Dex’s are for you if you’re…
Every cryptocurrency user needs to understand the difference between a DEX and a centralized exchange in order to choose the best tool for their needs. And however attractive their value proposition might sound, decentralized exchanges are not for everybody. For instance, it’s way easier to find an ICO token traded on a decentralized crypto exchange rather than a centralized exchange, since their listing process is more open and straight-forward. Moreover, the advantage of less trading fees might only be perceptible when the deal is for a considerable amount of crypto assets. Therefore, if you are not trading ICO tokens or buying large amounts of cryptocurrency there might still be little or no advantage to using DEX’s in their current stage of development. Likewise, more advanced traders would probably be better served by centralized cryptocurrency exchanges, which offer a considerably wider range of trading instruments. And, of course, as any DEX is not a storage solution but a trading mechanism, any DEX user should have another method to store their cryptocurrency (such as a hardware wallet or another digital wallet).
Tracking DEX’s volumes, user base and development is in any way a piece of cake. Due to their specific architecture and various blockchains, there isn’t single reference list like CoinMarketcap for DEX’s. The most comprehensive one, DappRadar, monitors 73 exchanges only on Ethereum, EOS and TRON blockchains. Other trackers are either of limited capacity like DexWatch or community-curated like INDEX. EtherScan can offer you a transaction number statistics on the 23 biggest decentralized exchanges built on Ethereum, but not their transaction volume.
Out of more than 300 existing DEX’s, as many as 35 are listed on Coinmarketcap, yielding together just 1.29% of the daily trading volume4. And there’s no surprise that most of the biggest decentralized cryptocurrency exchanges are Ethereum-based.
According to Consensys Research5, IDEX and EtherDelta both enjoy more than 80% of all trades of ERC-20 tokens and host more than 95% of the traders. They also are the 2 major Dex’s with respect to diversity of token-pairs traded.
Not by ETH alone…
Although Ethereum blockchain is still the king, some new Dex’s on EOS and TRON blockchains occasionally outperform IDEX and other Ethereum-based centenarians on DappRadar in terms of daily and weekly volume in USD equivalent. More and more blockchain platforms are catching up on the DEX race. The beta-launch of Nash, a decentralized exchange being built on NEO blockchain is set to the end of March 2019, not to mention already discussed OMG DEX and others.
Waves platform’s decentralized exchange is a decentralized market where users can trade Waves-based assets, including Waves, Waves Assets, fiat tokens, and cryptocurrency tokens, such as wBTC and wETH. And although it is a currency-centric exchange, if is fifth in daily trading volume among the DEX’s listed by Coinmarketcap.
Stellar Decentralized Exchange and Stellarport are also among the non-Ethereum decentralized exchanges featured on Coinmarketcap. The first is built on StellarTerm, an open source client for the Stellar network. It is a DEX of the first-generation kind, as it stores the order book and settles transactions on-ledger, and has matchmaking built into the protocol. The second one positions itself neither as an exchange, nor as a broker dealer, but as a sophisticated wallet service with Stellar Network analytics and a frontend ‘to submit operations to the Stellar Network’.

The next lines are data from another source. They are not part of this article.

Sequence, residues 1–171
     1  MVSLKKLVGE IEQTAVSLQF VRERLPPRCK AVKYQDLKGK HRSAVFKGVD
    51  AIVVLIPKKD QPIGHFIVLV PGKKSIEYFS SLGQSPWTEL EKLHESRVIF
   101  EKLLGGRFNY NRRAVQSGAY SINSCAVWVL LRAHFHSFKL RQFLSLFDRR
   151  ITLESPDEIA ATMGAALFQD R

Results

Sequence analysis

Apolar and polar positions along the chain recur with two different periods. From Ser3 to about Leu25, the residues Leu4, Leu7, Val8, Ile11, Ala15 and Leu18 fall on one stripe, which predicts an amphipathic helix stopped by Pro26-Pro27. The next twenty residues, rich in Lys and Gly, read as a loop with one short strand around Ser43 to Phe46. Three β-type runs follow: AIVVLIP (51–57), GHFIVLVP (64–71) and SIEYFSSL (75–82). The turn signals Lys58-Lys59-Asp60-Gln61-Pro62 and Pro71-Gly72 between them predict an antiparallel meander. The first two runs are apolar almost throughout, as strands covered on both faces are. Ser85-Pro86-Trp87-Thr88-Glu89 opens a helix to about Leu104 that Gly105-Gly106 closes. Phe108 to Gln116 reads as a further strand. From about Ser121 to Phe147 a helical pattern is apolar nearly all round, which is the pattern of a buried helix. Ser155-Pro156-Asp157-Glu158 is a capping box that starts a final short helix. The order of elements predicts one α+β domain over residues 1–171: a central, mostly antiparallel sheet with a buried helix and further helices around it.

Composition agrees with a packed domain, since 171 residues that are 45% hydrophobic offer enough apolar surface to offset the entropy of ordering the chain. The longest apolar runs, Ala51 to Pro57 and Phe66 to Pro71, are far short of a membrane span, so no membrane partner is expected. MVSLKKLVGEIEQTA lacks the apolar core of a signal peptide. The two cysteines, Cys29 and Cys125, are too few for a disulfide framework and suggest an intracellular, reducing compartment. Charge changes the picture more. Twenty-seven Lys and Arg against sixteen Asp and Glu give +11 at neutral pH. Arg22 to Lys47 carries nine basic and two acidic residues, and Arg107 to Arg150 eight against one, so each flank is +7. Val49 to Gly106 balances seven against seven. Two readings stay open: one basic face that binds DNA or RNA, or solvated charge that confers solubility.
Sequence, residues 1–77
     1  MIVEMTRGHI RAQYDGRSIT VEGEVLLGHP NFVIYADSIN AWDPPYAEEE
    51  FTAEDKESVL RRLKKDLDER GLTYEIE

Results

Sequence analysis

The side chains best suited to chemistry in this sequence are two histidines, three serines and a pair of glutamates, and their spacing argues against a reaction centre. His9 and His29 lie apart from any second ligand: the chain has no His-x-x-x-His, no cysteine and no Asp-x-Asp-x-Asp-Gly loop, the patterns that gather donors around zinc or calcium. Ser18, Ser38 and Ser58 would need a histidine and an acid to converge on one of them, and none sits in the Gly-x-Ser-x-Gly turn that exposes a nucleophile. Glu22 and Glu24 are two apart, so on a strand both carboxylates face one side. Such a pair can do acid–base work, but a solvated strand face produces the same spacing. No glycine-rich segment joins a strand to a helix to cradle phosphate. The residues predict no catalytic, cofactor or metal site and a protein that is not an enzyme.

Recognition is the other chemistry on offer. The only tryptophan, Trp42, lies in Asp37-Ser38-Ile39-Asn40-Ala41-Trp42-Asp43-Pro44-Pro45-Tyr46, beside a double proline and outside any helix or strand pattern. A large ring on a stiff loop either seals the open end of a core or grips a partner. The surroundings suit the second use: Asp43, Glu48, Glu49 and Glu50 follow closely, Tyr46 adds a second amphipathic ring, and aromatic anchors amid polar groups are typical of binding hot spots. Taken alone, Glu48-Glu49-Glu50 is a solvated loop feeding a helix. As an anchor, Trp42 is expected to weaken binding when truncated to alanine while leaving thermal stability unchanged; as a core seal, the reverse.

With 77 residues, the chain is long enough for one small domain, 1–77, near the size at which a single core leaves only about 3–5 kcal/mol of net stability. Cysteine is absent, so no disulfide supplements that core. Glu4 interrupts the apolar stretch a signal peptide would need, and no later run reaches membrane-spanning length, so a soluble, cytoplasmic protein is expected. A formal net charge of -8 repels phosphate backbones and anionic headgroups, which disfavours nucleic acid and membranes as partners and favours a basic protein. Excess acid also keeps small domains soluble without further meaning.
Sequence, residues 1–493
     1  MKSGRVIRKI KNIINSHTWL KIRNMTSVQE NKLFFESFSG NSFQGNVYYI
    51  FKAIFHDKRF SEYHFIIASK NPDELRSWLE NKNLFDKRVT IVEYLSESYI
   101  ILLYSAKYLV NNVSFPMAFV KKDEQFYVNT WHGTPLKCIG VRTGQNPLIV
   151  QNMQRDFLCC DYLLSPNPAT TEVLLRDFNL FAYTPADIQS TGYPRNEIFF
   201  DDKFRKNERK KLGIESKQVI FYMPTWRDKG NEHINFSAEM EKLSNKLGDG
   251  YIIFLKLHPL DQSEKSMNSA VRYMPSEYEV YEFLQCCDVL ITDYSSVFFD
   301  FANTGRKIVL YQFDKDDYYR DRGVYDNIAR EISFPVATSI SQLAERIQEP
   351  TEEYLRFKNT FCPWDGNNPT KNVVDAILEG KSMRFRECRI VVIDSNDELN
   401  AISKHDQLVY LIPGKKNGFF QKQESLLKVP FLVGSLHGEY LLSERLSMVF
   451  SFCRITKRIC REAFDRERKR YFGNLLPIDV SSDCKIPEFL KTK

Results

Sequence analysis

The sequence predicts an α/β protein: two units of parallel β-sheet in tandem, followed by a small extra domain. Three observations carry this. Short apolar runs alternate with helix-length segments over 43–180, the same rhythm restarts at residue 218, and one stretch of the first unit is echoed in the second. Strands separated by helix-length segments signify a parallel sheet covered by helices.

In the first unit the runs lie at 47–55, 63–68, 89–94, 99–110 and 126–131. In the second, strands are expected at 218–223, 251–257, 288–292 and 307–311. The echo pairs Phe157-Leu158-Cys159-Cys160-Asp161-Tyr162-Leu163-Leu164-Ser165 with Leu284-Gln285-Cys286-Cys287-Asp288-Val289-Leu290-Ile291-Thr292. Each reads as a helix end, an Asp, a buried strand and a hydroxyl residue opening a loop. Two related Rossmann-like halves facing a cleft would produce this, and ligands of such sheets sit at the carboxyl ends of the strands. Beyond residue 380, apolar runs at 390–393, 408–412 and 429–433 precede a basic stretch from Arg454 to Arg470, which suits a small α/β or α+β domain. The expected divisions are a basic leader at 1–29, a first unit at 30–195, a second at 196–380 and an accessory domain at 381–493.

The time of DEX
Decentralized exchanges of today fall into three basic categories:
1. On-chain order books and settlements
The first generation of DEX’s was fully blockchain-based. Every update in the orderbook, be it a new order or an adjustment to an existing one, ought to be reflected in the state of the blockchain. But soon it became obvious that, however secure this method might be, protecting user privacy isn’t worth sacrificing speed and liquidity. Furthermore, such frequent and straight-forward interaction with the blockchain resulted in high fees and zero interoperability with other exchanges.
EtherDelta was one of the most popular and oldest Ethereum DEX launched, thus, it still accounts for nearly 40% of all ETH dex transactions for all time. However, after being targeted in a 2017 hacks series, becoming a SEC’s guinea pig in targeting not truly decentralized DEX’s under the Exchange Act, and a relatively suspicious ICO of EtherDelta token, the platform lost a considerable portion of users and trading volume to alternatives. Nevertheless, the platform is still operational, even with updated UX, and now (in last weekly/monthly stats) holds stable third position in the number of transactions among the ETH Dex’s monitored by EtherScan, trailing IDEX and Kyber.
2. Off-chain order books with an on-chain settlement
In order to mediate the drawbacks of the first-gen DEX’s a compromise was found in trustlessly keeping the order books off-chain. In this approach, the execution of trades still occurs on the blockchain, but the order books are hosted by third-parties called Relayers. These relayers, being connected through the protocol, can create a more robust trading infrastructure by aggregating common liquidity. A market maker submits an order to the Relayer, and the trade is trustlessly executed only after a taker fills that order. Until then all funds remain fully under the counterparties’ control.